# PRESSURE SENSOR TECHNOLOGY

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PRESSURE SENSOR TECHNOLOGY

Pressure Definition Static Pressure. Pressure, P, is defined as force, F, per unit area, A:     P = F/A

Pressure in open tank A container filled with a liquid has a pressure (due to the weight of the liquid) at a point in the liquid of: P = F/A P = W/A P = ρgV/A P = ρghA/A P = ρgh A h P = pressure F = force A = Area W = weight of the liquid V = volume above the Area g = gravitation ρ = mass density h = distance from the surface

Static pressure of atmosphere
Gases differ from liquids in two respects: they are very compressible, and they completely fill any closed vessel in which they are placed. The nonlinear air pressure variation with altitude shown in the figure is an example of the effect of the compressibility of gases. The compressibility of gases is illustrated by nonlinear atmosphere pressure as a function of altitude

Types of Pressure measurements
Absolute pressure is measured relative to a perfect vacuum (psia) Gauge pressure is measured relative to ambient pressure (psig) Differential pressure is the difference in pressure between two points of measurement. (psid). Note that the same sensor may be used for all three types; only the reference is different.

Dynamic Effects. Static pressure is measured under steady-state or equilibrium conditions, but most real-life applications deal with dynamic or changing pressure. For example, the measurement of blood pressure usually gives the two steady-state values of systolic and diastolic pressure. There is much additional information in the shape of the blood pressure signal, however, which is the reason for the monitors used in critical-care situations. To measure changing pressures, the frequency response of the sensor must be considered. As a rough approximation, the sensor frequency response should be 5-10 × the highest frequency component in the pressure signal. Another issue is the remote measurement of pressure where a liquid coupling medium is used. Care must be taken to purge all air because its compressibility will corrupt the waveform.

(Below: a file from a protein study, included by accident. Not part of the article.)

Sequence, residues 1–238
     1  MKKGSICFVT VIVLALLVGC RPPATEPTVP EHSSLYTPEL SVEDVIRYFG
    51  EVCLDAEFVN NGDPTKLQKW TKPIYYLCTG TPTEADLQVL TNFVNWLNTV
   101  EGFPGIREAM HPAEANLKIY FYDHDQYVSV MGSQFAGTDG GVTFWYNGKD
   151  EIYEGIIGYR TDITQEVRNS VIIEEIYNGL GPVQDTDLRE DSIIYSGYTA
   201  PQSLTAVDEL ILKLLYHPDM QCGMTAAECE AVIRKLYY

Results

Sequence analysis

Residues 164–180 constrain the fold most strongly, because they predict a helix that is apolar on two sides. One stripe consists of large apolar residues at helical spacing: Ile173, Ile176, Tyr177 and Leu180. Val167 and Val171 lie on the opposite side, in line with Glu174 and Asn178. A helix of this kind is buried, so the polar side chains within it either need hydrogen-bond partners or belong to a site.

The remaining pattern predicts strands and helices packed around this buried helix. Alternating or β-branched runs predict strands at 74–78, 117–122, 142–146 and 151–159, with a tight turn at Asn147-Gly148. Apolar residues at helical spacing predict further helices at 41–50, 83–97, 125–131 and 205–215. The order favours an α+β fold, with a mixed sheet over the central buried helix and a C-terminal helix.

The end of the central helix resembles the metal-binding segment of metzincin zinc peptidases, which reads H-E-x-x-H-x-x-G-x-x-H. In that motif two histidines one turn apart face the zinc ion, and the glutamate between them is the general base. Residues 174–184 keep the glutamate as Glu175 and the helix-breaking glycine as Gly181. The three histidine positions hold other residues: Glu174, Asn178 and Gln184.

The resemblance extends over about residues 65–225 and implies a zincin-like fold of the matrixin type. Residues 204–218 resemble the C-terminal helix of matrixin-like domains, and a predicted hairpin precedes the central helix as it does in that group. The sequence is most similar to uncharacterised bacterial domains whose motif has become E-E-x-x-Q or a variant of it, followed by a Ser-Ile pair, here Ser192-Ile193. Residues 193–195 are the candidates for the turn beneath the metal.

Pressure in Moving Fluids
Bernoulli's theorem states that for horizontal flow the following relation holds:     PS = PO + PI PS = stagnation (or total) pressure PO = static pressure PI = Impact pressure due to moving fluid PI = ρVo ²/2 Where V0 = the velocity of the fluid Hence we can measure the velocity if we know the pressure

Pressure Sensing Pressure Pressure is sensed by mechanical elements such as plates, shells, and tubes that are designed and constructed to deflect when pressure is applied. This is the basic mechanism converting pressure to physical movement. Next, this movement must be transduced to obtain an electrical or other output. Finally, signal conditioning may be needed, depending on the type of sensor and the application. Figure 8 illustrates the three functional blocks. Sensing Element displacement Transduction element electric Signal Conditioner V or I output

Sensing Elements The main types of sensing elements are Bourdon tubes, diaphragms, capsules, and bellows All except diaphragms provide a fairly large displacement that is useful in mechanical gauges and for electrical sensors that require a significant movement

Potentiometric Pressure Sensors
Potentiometric pressure sensors use a Bourdon tube, capsule, or bellows to drive a wiper arm on a resistive element. For reliable operation the wiper must bear on the element with some force, which leads to repeatability and hysteresis errors. These devices are very low cost, however, and are used in low-performance applications such as dashboard oil pressure gauges